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Investigation Into the Utilization of Peanut Fibers in Nonwovens

[+] Author Affiliations
Nicole Bieak

Auburn University, Auburn, AL

Brian R. George

Philadelphia University, Philadelphia, PA

Paper No. IMECE2003-43984, pp. 11-17; 7 pages
  • ASME 2003 International Mechanical Engineering Congress and Exposition
  • Textile Engineering
  • Washington, DC, USA, November 15–21, 2003
  • Conference Sponsors: Textile Engineering Division
  • ISBN: 0-7918-3729-7 | eISBN: 0-7918-4663-6, 0-7918-4664-4, 0-7918-4665-2
  • Copyright © 2003 by ASME


Peanuts are one of the leading food crops produced in the United States today. One of the problems of peanut production is disposal of the shells, or hulls, of the peanut, which are generally landfilled. The current research focused on obtaining fibers from the shells, characterizing them, and creating nonwoven fabrics containing these fibers, which were also characterized. The fibers obtained ranged in length from 0.6 cm to 6.3 cm, and were generally stiff. Wet laid nonwovens were produced and a variety of bonding methods such as needlepunching and latex bonding were performed. Latex bonding gave the best results, and the resulting fabrics were characterized in terms of strength, moisture, and light penetration, and thermal insulation capability. The fabrics had similar light and moisture penetration properties as some commercially available erosion control fabrics and thus may be suitable for this purpose. The fabrics also retained some heat, and may be suitable for insulation purpose.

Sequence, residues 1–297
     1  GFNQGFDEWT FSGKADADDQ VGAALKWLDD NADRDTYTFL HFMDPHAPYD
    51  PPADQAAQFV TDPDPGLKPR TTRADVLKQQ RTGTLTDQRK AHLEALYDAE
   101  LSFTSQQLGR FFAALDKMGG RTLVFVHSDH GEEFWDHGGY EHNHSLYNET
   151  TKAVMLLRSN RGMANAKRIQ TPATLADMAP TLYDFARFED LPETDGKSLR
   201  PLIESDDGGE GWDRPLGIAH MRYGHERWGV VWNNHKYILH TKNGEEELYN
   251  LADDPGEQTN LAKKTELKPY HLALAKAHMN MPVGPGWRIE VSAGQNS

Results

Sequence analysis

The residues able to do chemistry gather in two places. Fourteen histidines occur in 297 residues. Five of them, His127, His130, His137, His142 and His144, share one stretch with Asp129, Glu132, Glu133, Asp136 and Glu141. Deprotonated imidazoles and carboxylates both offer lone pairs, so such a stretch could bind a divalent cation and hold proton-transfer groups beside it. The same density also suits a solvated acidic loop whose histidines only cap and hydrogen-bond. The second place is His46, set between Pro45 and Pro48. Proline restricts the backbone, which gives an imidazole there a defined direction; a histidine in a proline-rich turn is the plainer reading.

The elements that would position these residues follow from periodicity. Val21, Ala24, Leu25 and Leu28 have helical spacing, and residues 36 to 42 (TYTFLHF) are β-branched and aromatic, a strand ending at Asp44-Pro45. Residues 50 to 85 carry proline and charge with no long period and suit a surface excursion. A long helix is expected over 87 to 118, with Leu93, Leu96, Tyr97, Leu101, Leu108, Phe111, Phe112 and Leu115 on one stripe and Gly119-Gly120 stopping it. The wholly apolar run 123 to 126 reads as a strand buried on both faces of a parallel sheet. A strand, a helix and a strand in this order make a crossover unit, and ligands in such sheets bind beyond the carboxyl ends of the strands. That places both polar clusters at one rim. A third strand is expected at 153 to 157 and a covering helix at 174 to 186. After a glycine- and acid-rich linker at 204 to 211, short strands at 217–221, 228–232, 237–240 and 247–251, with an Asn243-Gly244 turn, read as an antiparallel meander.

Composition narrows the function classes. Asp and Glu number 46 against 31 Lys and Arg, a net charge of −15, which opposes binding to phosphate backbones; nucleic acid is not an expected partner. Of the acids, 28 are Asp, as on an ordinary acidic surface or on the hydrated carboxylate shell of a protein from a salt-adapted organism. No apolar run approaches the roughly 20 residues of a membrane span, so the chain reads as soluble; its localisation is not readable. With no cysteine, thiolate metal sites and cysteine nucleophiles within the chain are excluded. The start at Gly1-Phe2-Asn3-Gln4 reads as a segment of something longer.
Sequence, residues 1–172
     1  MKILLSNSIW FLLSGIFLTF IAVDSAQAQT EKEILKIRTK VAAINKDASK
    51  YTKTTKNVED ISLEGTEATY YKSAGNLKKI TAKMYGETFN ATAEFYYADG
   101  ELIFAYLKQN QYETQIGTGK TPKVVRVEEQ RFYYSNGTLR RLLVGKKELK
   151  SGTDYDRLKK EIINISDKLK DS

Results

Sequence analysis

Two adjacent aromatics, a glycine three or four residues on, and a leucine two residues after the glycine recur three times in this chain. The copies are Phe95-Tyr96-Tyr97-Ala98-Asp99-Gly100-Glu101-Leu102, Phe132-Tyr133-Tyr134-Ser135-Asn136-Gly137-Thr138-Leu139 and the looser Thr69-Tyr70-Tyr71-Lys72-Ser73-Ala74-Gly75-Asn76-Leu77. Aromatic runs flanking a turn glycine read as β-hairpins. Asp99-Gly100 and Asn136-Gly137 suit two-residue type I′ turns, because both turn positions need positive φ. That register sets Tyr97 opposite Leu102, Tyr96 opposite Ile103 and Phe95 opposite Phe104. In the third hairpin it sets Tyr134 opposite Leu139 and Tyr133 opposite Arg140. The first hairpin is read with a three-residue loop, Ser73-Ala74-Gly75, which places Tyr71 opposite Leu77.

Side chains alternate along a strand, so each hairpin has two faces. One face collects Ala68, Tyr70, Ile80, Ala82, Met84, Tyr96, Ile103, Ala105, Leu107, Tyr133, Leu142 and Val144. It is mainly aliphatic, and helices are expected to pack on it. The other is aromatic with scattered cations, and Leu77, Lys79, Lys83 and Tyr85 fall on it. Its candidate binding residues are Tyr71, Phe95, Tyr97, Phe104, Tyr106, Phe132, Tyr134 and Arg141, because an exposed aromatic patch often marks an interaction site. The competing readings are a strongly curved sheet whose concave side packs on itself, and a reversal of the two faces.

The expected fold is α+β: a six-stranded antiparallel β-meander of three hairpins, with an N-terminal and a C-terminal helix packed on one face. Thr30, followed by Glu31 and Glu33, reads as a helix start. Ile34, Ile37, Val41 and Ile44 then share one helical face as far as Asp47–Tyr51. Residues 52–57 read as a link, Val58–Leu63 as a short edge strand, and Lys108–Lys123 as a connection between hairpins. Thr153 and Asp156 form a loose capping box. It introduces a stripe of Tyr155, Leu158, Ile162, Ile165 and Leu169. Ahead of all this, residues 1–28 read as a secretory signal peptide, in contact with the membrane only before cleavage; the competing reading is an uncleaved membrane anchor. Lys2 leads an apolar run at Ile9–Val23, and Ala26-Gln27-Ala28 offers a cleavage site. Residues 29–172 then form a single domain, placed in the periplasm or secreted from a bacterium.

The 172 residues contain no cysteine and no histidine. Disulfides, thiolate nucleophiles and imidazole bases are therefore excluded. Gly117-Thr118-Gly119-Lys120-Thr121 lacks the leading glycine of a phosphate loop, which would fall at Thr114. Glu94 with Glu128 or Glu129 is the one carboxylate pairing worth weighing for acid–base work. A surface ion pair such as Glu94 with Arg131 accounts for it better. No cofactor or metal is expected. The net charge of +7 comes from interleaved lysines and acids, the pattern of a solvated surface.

Copyright © 2003 by ASME



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